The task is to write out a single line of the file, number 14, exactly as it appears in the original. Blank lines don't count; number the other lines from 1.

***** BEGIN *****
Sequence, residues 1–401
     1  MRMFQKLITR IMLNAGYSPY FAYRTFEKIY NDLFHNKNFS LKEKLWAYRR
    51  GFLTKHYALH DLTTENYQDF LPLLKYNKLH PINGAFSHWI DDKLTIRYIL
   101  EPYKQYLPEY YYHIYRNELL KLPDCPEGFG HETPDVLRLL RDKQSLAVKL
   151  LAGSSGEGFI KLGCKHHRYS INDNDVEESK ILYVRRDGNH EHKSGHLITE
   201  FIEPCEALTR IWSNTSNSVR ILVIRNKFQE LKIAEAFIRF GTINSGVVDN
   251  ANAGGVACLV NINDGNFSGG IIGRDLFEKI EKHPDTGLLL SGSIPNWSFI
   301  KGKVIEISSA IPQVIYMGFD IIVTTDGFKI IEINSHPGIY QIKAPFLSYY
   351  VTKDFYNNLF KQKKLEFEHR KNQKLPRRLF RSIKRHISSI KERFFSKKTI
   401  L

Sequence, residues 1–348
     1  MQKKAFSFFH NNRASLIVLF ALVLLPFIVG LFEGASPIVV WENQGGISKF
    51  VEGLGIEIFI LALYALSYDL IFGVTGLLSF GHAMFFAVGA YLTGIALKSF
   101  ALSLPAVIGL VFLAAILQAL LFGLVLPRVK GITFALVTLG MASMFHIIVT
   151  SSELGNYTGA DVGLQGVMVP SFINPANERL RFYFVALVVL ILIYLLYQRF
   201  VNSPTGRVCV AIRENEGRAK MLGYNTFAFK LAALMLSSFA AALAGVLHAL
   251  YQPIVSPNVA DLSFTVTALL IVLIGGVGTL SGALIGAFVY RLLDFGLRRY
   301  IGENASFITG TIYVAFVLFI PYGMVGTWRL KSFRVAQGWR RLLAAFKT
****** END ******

   101  ALSLPAVIGL VFLAAILQAL LFGLVLPRVK GITFALVTLG MASMFHIIVT